Pleasant Hills Middle School program helps girls 'SHINE'
Debbie Zanetti hopes to see girls walking around Pleasant Hills Middle School with their heads held high, exuding confidence, after a night of girl empowerment programs.
She hopes they'll become “just a little kinder, just be a little more accepting and realize it's OK to be different.”
The first GOLD, or Girls Only Leadership Development night, will be held at Pleasant Hills Middle School from 6 to 9 p.m. May 4 for sixth through eighth grade girls.
The all-female run program will include fashion tips for teens, yoga, self-defence, kickboxing, how to navigate friendships, stress and anxiety reduction, what is appropriate for social media, lessons on body image and self-esteem, team building and healthy snack ideas.
“Confidence is a key word we kept coming back to,” said family and consumer science teacher Melissa McCauley, who is chairing the event.
The idea for the girls only event came from Vice Principal Adam Zunic, whose wife led a similar program in the North Hills School District.
That was the end of male involvement.
McCauley formed an all female committee of 10 teachers and support staff at the middle school in January who brainstormed ways to make the program work. They had they more ideas than they could accomplish in just one night.
And even during the night, all of the staff working on the program will be women. That includes teachers, support staff and central administrators.
The committee created a slogan for the evening: “We SHINE like GOLD.” SHINE, stands for what they want the girls to gain from the evening: self-confidence, healthy interactions, independence, natural you and empowerment.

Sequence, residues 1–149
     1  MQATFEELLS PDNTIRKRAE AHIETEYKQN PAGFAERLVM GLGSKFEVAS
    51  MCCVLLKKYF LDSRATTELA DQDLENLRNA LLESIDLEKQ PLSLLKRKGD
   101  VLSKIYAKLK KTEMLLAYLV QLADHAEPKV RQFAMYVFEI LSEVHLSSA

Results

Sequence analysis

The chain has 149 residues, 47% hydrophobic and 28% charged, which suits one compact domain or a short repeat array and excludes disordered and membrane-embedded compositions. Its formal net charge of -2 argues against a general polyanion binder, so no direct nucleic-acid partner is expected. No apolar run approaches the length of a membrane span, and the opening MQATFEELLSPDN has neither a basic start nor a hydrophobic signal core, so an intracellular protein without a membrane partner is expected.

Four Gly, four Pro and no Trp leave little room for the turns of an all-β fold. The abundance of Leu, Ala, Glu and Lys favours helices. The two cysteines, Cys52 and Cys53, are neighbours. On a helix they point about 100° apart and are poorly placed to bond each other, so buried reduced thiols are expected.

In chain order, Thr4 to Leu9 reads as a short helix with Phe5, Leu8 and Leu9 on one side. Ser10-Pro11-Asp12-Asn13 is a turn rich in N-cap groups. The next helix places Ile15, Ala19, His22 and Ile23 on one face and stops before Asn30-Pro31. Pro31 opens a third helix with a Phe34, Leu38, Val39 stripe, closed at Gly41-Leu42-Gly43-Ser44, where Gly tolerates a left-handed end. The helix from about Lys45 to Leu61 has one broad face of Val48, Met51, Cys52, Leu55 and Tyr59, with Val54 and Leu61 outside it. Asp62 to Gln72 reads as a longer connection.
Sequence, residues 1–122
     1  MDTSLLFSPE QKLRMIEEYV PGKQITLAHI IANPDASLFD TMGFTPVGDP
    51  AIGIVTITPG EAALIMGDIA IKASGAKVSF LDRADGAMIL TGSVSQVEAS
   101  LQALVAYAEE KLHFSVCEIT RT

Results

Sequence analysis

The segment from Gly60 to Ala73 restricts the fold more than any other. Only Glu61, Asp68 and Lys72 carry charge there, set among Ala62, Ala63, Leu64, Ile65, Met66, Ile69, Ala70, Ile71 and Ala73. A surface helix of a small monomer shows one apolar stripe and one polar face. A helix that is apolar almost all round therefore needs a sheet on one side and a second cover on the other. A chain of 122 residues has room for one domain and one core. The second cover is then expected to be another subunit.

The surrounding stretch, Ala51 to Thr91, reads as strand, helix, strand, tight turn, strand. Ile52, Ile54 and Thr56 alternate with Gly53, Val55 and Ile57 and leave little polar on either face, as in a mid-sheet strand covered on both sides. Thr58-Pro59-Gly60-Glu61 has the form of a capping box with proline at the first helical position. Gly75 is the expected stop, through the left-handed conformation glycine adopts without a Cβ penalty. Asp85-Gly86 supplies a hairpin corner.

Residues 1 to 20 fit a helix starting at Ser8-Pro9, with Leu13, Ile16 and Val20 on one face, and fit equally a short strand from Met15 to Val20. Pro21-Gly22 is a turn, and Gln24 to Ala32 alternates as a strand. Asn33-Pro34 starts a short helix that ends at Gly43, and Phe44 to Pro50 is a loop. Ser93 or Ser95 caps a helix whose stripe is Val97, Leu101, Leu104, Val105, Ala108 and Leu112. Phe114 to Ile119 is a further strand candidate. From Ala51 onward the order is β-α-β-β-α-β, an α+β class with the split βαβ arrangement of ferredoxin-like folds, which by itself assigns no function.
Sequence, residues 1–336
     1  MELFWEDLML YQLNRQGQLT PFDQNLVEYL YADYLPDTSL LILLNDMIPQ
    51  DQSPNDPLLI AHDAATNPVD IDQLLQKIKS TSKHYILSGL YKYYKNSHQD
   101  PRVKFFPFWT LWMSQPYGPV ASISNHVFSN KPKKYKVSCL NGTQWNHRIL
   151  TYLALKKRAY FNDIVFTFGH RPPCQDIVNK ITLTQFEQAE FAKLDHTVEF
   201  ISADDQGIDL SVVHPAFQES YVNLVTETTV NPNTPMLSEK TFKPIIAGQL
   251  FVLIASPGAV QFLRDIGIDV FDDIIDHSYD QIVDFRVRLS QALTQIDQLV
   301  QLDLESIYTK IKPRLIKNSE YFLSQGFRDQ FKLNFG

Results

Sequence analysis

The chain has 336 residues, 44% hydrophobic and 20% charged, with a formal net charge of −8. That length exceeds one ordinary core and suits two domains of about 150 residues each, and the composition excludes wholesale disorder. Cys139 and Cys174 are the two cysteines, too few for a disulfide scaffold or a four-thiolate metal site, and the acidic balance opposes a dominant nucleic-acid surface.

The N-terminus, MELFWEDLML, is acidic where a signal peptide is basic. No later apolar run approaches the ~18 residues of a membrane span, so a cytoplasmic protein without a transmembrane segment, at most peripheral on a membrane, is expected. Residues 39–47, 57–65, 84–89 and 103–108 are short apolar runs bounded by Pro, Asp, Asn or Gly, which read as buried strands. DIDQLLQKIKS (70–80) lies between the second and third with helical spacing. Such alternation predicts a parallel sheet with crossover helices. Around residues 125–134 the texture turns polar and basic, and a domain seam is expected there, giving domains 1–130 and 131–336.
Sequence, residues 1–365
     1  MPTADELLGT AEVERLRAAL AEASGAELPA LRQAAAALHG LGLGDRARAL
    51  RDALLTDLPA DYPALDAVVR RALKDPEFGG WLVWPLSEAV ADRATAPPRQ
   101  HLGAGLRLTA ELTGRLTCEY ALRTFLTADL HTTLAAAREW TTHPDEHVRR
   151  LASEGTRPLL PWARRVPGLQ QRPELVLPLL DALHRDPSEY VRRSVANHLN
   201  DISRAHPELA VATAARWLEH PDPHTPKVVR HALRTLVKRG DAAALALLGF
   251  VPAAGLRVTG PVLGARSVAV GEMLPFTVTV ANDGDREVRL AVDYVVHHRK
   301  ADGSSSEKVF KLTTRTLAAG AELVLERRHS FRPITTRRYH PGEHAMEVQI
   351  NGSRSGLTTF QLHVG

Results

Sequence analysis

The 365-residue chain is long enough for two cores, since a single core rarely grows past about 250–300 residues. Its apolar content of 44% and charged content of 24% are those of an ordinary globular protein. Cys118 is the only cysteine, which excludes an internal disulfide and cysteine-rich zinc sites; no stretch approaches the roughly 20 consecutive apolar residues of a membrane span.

Out of the 310 girls at Pleasant Hills Middle School, 170 signed up for the evening that McCauley said is about having fun and learning at the same time. The event costs $10 per participant.
Donations from local businesses — and even some from far away — poured in to support the event. People even wrote checks to help.
“They just wanted to be a part of what we're doing,” McCauley said.
Each girl in attendance will go to four sessions, all run by women who either are volunteering or district staff. The girls might not be paired with their friends, but that's OK. That's kind of the idea of it.
They'll get T-shirts and bags and the evening will include pizza, drinks and cookies — all to create a fun atmosphere.
The sessions, like fashion for teens, will show how you can dress your ever changing body appropriately, while still expressing yourself, McCauley said.
“We don't all have to wear the same things. That's OK,” said Zanetti, a committee member, and sixth-grade social studies teacher.
The self-defense class will focus on awareness and how to be safe and is taught by the only female officer in the Pleasant Hills police department.
Kickboxing will be taught by a female teacher at Pleasant Hills Middle School.
In one session, students will make bracelets where each bead will represent something about themselves or that they've gone through in their lives, McCauley said.
This allows students to see they're all similar, when they have the same colors on their arm as some of their classmates.
“This gives them a starting point to see you have a lot of similarities,” she said.
A former student will talk about body image and self-esteem and how she was picked on in school, but now is confident and became a bodybuilder.
The variety of programs were geared to offer something every girl might be interested in.
Each program has a hands-on aspect to keep the students engaged.
“This is a fundamental time in their lives. This can be a make or break time for them,” McCauley said. That's why reaching them now is so important, she said.
“They're figuring out who they are at this age,” she said.
And they hope the lessons learned carry with them into the future.
“These are skills they need for life,” McCauley said.
McCauley just hopes the girls all enjoy the evening — and maybe wear their T-shirts to school as an indication they enjoyed the program.
“I want to see connections made and different groups of people talking to each other,” she said.
Stephanie Hacke is a Tribune-Review contributing writer.